“When I went there, I saw Shyam’s body, Hari Om’s body, and Raman Kashyap’s body,” he said.
Hari Om was , while Raman Kashyap . Both died in the violence that day.
“Hari Om was also my friend,” Karan said. “Shyam’s body was right next to Raman Kashyap’s body. I immediately informed his family.”
On the morning of October 4, Shyam Sundar was cremated in his village. He is survived by his parents, wife, two children, three brothers, and four sisters.
While Shyam’s friendship with Ashish dates back 12 years, his active involvement with the BJP began eight years ago.
“He was the mandal mantri [area leader] here and looked after any issues that happened,” said Karan, who has also been associated with the BJP for the last five years. Karan also works with Ajay Kumar Mishra as a driver while Shyam would work as a labourer outside of party work.
Despite Shyam’s long history with Ashish, the family said they’ve received no phone calls or visits from the minister or his son. When asked if this upsets him, Balak Ram immediately said, “They must be busy. It’s okay. We understand.”
Does the family think Ashish was in the car with Shyam? “No, Ashish was not there,” said Shyam’s father at once.
While the family told Newslaundry that, like the families of the deceased farmers, they also want compensation, they also confirmed that nobody has spoken to them about it thus far.
‘He easily made friends’
In his home in Lakhimpur Kheri city, Vijay Mishra sat on a chair, speaking to reporters.
“What kind of farmers are these?” he said. “These are not farmers, they’re terrorists, they’re anti nationals...” He repeated a variation of these statements to multiple journalists.
Vijay is the father of Shubham Mishra. His son’s death on October 3 has left him angry and heartbroken at the same time.
Praveen Mishra, Shubham’s neighbour and childhood friend, recalled that on October 2, Shubham Mishra was down with a fever. “He was on the bed and refusing to go out anywhere,” he said. Nevertheless, the next morning by 9 am, Shubham left for Banveerpur to attend the wrestling match organised by Ashish Mishra. He had to travel approximately 80 km, about two hours, to reach the site of the event.
Around 4.30 pm, Praveen received a call from a local journalist friend who informed him that Shubham had been injured during the violence. Praveen passed the message on to Shubham’s family, who panicked and tried to call Shubham on his phone. But Shubham’s phone was switched off.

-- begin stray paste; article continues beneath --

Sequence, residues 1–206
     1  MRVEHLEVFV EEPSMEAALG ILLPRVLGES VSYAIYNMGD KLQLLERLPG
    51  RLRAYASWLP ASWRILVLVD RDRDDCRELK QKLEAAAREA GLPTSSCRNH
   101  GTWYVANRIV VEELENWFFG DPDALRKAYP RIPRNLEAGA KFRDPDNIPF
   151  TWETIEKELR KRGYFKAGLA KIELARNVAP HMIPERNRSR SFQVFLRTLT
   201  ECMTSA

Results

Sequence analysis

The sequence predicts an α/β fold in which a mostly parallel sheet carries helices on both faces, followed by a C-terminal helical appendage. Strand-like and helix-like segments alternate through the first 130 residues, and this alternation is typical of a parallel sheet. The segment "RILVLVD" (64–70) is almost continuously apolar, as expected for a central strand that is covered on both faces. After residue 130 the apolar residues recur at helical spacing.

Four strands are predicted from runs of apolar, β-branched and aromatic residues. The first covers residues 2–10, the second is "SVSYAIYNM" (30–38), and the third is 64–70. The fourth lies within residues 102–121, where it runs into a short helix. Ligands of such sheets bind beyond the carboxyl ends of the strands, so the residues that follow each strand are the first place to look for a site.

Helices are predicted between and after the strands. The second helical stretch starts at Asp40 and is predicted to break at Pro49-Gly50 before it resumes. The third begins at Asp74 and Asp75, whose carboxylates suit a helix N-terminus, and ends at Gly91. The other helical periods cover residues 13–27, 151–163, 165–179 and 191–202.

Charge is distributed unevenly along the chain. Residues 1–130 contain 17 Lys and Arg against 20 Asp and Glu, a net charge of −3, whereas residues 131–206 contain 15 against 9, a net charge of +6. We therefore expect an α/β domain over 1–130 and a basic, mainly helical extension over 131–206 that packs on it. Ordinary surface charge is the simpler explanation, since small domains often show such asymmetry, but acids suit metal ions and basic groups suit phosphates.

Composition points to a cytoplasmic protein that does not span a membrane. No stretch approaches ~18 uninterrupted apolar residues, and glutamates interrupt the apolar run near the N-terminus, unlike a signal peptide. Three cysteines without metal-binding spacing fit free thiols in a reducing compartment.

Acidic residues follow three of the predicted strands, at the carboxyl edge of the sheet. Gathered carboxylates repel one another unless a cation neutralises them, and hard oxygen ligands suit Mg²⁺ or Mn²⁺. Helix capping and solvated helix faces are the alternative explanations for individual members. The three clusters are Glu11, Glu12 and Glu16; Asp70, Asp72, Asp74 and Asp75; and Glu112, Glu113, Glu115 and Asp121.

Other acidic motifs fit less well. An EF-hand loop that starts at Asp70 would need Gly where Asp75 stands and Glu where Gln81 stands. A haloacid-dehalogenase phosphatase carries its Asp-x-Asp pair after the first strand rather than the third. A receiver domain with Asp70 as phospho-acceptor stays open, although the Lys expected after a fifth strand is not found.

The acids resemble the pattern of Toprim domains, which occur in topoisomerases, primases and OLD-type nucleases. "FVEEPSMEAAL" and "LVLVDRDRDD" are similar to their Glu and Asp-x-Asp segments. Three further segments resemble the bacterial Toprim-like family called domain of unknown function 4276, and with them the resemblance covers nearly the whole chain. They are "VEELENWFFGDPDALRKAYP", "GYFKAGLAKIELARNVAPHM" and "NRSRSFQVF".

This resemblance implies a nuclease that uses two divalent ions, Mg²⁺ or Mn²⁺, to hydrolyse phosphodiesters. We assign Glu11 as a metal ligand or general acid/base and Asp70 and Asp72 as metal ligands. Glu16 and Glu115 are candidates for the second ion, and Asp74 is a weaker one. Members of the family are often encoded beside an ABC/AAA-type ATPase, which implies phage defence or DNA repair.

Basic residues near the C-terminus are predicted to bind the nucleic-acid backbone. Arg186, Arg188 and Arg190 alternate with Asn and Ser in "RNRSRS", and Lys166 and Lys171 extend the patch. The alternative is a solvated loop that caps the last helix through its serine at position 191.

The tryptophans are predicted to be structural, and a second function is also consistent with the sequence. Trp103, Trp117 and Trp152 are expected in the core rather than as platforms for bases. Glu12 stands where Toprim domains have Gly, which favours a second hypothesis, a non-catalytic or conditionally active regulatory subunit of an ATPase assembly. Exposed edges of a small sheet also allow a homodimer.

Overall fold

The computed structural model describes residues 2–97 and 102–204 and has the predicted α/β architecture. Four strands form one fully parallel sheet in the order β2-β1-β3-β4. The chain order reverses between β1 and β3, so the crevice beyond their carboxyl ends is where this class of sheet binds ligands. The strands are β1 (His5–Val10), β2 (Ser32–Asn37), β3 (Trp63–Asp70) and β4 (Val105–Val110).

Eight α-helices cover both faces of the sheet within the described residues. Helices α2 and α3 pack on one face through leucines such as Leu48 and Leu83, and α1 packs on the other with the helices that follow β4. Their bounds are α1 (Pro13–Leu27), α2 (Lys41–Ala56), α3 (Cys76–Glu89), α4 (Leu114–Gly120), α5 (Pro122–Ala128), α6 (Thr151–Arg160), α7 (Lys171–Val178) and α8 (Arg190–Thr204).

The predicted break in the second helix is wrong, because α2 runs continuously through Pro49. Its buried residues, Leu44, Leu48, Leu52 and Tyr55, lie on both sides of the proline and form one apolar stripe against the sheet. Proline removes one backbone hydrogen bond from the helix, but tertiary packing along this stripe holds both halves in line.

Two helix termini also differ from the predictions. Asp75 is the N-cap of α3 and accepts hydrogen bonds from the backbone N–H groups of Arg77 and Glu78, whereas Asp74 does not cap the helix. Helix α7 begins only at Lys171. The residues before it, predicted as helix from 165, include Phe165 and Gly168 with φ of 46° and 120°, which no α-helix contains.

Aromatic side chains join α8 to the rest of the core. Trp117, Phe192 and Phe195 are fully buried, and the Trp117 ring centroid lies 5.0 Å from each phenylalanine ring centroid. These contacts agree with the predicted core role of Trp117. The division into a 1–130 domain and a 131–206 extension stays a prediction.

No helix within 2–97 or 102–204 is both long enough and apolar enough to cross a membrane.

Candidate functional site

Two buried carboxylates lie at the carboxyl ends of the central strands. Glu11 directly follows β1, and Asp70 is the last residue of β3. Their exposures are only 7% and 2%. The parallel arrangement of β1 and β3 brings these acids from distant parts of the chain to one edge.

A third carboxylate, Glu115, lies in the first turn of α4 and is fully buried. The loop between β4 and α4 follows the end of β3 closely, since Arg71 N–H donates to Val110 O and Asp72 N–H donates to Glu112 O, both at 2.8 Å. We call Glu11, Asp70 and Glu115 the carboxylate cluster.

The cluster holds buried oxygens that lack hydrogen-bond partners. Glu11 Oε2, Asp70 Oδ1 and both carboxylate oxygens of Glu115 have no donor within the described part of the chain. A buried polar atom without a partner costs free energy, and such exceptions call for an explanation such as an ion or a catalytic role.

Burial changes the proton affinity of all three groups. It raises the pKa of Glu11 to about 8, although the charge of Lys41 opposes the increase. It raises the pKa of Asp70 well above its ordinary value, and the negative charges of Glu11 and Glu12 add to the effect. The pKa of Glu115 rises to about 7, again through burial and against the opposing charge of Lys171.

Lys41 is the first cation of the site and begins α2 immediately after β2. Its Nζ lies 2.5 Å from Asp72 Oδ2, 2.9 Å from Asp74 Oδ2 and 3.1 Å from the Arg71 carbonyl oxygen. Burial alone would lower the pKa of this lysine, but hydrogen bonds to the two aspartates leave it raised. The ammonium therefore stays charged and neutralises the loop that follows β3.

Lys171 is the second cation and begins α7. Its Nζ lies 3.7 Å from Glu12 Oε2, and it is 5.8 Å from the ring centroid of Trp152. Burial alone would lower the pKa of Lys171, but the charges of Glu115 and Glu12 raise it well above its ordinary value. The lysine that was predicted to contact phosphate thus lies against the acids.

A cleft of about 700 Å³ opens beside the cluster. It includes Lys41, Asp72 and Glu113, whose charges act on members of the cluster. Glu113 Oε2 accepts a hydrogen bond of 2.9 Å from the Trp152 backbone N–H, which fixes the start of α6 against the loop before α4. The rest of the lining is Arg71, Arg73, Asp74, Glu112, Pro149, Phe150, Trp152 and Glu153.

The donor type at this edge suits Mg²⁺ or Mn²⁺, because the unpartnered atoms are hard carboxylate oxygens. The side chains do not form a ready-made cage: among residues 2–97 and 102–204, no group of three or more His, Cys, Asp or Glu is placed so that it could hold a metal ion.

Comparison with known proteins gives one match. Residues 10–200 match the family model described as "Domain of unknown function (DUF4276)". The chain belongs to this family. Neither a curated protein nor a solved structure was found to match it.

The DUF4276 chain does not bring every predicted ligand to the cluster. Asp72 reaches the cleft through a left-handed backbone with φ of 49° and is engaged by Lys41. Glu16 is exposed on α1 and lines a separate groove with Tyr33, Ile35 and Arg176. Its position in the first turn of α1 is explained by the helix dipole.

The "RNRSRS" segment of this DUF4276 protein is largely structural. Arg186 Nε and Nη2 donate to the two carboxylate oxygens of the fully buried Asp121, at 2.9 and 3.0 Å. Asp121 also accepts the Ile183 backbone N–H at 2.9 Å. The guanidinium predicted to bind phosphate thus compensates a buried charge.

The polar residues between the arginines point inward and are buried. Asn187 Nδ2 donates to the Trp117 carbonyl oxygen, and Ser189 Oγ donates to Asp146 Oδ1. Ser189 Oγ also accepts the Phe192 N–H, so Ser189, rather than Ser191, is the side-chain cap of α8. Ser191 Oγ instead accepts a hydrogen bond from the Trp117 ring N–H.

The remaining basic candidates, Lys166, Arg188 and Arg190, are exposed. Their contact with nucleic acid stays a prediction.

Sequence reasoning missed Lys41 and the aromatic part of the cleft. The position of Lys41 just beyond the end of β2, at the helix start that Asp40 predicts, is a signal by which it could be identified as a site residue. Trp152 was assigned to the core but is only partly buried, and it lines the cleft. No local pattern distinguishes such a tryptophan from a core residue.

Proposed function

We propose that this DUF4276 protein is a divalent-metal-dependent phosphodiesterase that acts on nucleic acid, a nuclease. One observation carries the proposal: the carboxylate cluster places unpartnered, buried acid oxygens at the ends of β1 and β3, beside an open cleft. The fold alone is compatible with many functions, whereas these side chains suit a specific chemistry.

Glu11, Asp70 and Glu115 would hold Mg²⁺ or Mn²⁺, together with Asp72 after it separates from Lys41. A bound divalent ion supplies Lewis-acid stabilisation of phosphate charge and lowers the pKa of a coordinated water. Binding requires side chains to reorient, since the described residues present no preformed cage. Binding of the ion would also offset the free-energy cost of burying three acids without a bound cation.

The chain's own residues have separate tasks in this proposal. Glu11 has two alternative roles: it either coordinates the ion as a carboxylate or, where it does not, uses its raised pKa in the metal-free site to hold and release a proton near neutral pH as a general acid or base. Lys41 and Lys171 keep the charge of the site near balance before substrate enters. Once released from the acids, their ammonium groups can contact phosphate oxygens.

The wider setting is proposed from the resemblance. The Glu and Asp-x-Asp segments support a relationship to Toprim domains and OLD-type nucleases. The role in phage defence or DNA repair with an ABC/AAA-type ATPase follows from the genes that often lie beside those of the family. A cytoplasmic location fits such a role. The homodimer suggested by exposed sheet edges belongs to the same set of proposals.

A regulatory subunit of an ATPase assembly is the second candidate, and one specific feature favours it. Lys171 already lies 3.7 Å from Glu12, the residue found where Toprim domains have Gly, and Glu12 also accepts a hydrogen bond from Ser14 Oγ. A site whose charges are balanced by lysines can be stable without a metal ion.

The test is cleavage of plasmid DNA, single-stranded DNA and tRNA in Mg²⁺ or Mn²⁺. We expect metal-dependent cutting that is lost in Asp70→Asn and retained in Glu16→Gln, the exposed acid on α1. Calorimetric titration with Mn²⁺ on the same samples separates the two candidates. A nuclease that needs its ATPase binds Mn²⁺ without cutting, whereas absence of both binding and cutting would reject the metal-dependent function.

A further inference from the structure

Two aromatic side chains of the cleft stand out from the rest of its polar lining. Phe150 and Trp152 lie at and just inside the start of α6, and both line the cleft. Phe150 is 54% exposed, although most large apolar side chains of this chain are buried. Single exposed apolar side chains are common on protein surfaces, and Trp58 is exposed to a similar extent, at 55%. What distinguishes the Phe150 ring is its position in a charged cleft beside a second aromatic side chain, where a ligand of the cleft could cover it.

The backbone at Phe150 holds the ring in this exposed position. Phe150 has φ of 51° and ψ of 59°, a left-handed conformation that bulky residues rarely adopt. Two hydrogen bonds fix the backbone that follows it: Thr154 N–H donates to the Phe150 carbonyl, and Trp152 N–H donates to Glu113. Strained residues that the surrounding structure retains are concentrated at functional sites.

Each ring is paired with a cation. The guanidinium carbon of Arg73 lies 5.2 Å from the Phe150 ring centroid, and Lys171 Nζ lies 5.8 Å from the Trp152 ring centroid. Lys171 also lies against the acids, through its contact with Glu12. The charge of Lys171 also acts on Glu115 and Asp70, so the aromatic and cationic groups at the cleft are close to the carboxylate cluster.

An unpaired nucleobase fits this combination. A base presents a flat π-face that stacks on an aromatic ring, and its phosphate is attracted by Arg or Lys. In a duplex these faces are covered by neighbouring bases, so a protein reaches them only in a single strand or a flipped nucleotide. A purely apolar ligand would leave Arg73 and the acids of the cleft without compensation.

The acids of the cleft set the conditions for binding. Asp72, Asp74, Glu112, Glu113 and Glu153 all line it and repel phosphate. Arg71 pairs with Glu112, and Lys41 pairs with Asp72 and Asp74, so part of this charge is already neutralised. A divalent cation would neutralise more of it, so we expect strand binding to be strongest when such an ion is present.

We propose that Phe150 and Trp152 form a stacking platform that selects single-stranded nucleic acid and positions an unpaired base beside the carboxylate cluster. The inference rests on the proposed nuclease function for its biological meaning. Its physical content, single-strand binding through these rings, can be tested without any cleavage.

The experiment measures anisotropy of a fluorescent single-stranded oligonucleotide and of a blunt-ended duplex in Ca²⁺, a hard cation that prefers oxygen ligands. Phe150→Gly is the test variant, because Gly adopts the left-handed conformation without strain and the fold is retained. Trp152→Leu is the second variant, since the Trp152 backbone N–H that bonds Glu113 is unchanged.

By 9 pm, Praveen went to the postmortem ward of the Lakhimpur Kheri district hospital along with Shubham’s father, uncle and older brother. There, they identified his body. He was cremated the following morning.
Shubham is survived by his wife, one-year-old daughter, his parents, and his brother. His family owns seven or eight acres of land where they grow sugarcane.
Vijay said Shubham had recently become friends with Ashish Mishra.
“But he was always a loyal BJP supporter,” he added. “In the last one year, he was appointed as booth adhyaksh [ incharge] in this area.” Apart from working for the BJP, Shubham also worked in the finance department of a private company.
His family and friends remember him as someone who got along easily with everyone. “That’s why he was good at being a BJP worker as well,” said Praveen. “He easily made friends. People liked him a lot.”
Shubham’s wife and mother refused to speak to the media; their family explained that they were unable to handle the grief of their loss.
Vijay said he spoke to minister Ajay Kumar Mishra a day after Shubham’s death and demanded an investigation into those who killed his son. “He also agreed,” Vijay said. No conversations were had about compensation.
Days after his death, Shubham’s family is very angry.
“Why are those terrorists being shown as farmers and we being shown as BJP karyakartas?” asked Vijay. “Aren’t we also farmers? Those who were protesting that day are not farmers, they’re Khalistanis.”
The term “Khalistani” was last November by Amit Malviya, head of the BJP IT cell, to defame the farmer protests at Delhi’s borders. The term quickly in the media and on social media. Now, it’s made its way to the ground.